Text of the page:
“The bitumen exploration should be pursued with vigor. The resource is available in commercial quantities in Edo, Ondo and Ogun states but Nigeria continues to spend its meager foreign exchange in importing same for our need development. These could be another job creation and another foreign exchange if exploit.”
He also advised that the government must redouble efforts in agricultural production through a monitored subsidy (to ensure government palliatives get to the targeted farmers).
“Efforts must also be made to partner with other countries which have records of remarkable agricultural advancement. The kibbutz agricultural system practiced in Isreal is a good example. This model could be considered in Nigeria with consideration to our peculiar situations to establish cocoa plantation kibbutz in Osun, Ondo, Ekiti States. Similarly, oil palm kibbutz In Edo, Delta, Anambra, Enugu States; Rice production kibbutz in Kebbi, Zamfara, Kano, Niger Benue States, etc. With these agriculture will reclaim its position as the major foreign exchange earner as it was before the oil boom. In addition, modern agriculture, if well established will attract youths from cities to the rural areas which will ensure a gradual replacement of aged and ageing farmers and obsolete farm practices,” he said.
“Nigeria gas deposit is enormous; it is therefore feasible to build export bond power stations using our gas resources to power them after solving our own power challenges. The export dedicated power stations could supply electricity to our neighboring countries some may find it cheaper and affordable for them to buy power from Nigeria rather than building their own power stations. This is also an area when government could earn revenue in future. Electricity will play big role in future activities.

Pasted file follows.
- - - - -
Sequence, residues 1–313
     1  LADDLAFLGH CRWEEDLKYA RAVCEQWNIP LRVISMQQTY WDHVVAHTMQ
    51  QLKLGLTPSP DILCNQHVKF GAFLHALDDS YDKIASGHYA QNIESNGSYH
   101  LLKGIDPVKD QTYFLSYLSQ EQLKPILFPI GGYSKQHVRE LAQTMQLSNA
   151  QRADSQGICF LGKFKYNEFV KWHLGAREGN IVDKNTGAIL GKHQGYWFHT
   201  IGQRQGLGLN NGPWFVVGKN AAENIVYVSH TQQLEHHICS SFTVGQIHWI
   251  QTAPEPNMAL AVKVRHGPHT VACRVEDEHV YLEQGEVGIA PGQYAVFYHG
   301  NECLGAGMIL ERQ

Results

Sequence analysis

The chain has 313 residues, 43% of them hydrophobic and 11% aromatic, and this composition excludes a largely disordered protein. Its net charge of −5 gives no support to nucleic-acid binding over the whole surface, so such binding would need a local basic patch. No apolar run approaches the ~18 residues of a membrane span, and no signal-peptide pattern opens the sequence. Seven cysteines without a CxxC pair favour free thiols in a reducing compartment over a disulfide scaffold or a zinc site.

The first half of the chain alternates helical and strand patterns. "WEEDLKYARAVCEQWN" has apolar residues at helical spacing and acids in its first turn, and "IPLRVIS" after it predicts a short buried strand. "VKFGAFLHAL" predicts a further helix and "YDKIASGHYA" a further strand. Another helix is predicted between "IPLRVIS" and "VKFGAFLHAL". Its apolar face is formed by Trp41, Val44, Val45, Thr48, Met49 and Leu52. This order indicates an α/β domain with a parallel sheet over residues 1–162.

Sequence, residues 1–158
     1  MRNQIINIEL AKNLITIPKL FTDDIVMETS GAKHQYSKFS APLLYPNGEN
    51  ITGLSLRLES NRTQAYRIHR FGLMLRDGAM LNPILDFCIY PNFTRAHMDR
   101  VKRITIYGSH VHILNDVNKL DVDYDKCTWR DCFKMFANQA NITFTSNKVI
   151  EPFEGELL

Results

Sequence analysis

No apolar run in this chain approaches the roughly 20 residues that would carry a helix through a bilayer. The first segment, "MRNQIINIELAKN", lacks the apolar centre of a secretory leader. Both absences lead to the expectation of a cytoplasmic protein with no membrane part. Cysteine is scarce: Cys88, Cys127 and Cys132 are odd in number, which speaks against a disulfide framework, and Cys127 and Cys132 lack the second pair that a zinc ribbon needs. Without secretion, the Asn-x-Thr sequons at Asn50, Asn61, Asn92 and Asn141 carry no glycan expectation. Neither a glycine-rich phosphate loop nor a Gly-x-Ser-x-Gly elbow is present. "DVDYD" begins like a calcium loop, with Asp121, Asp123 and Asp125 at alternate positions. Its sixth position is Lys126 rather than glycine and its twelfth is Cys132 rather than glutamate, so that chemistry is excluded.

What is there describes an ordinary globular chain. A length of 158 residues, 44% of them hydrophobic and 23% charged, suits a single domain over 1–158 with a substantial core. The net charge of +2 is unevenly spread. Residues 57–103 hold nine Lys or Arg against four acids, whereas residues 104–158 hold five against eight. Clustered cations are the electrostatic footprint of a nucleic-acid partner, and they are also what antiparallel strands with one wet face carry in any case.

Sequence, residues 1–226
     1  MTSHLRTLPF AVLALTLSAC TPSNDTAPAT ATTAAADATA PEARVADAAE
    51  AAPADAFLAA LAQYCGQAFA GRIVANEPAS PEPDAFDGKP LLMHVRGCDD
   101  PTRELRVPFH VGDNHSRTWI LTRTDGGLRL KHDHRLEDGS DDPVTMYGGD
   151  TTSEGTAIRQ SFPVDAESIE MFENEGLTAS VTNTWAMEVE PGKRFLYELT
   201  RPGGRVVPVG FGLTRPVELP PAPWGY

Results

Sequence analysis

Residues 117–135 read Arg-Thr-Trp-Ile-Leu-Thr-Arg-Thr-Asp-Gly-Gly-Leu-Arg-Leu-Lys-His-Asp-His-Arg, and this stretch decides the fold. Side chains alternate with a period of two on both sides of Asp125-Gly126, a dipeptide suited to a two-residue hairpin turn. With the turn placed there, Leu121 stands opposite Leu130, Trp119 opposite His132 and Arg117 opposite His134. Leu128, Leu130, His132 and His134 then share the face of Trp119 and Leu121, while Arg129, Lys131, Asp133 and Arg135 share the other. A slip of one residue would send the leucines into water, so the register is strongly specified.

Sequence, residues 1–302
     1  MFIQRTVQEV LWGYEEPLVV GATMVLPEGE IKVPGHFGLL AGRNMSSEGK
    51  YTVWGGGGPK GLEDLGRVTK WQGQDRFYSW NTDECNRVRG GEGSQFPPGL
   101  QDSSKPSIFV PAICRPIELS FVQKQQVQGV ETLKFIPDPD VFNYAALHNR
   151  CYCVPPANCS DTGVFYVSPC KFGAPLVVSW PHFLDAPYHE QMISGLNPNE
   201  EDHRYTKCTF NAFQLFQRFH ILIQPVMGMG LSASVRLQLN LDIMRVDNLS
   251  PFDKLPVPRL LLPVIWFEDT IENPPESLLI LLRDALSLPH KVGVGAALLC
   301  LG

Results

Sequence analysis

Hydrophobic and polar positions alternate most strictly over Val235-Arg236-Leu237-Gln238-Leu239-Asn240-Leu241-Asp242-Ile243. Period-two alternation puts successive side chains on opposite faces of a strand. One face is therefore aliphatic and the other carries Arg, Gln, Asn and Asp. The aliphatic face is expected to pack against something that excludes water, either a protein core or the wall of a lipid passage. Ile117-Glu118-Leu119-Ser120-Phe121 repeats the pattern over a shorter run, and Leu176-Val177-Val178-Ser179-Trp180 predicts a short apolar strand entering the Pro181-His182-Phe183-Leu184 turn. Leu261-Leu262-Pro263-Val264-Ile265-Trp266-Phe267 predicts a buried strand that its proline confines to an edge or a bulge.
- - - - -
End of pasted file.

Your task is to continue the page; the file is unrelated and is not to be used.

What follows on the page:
“Revenue collection to the Federal Government purse through the customs is being hindered by the activities of smugglers who have perfected ways of circumventing the government agencies through smuggling. Technology application and proper manning of our smuggling prone boarders could yield more revenue to the government. It is possible to develop ICT which will make it impossible for any vehicle imported to the country un-registrable until full appropriate duties area paid. Our local industries should be made to pay the excise duties on the locally produced goods by ensuring the officers posted to monitor production are professional in the conduct of their duties the production establishments. Technology application at the points will ensure accurate declaration of imported items and the right payment of import duty on them the era of physical inspection of cargo is becoming out dated the world over.
“Our ports are today congested because of inability of the nation to think outside the box and develop ports in Badagry, Lekki axis thereby reducing over reliance on the Apapa and Tincan Island ports which have been overstretched.
“The Warri, Calabar and Rivers Ports are shallow and nothing tangible appears to have been done or being done to dredge them. Foreign investors could also be brought in through a public/private partnership. This could be another economic strength for a nation that has over 800 kilometers of shorelines.
“The national carrier – air, water and land must be resuscitated to meet the yearning of robust transportation identity for carriage of passengers and cargo. A tremendous economic potential in which national carrier would flourish should be encouraged. Nations like Ethiopia, Kenya and others earn huge revenues from the activities of their natural carriers. Our ports could also be made to serve other land locked counties such as Niger, Chad and others in this category.”
On tourism, another major economic strength if well developed, he said the Badagry Slave Port, the Yankari Game Reserve, the Argungu Fishing Festival the UNESCO listed Osun Oshogbo grooves and its festival, the Ojude Oba Festival, the Calabar Carnival among others could be turned to money making ventures if well developed.
“Many nations of the world make huge revenue from tourism. Nigeria has what it takes to make it in this area of the economy,” he said.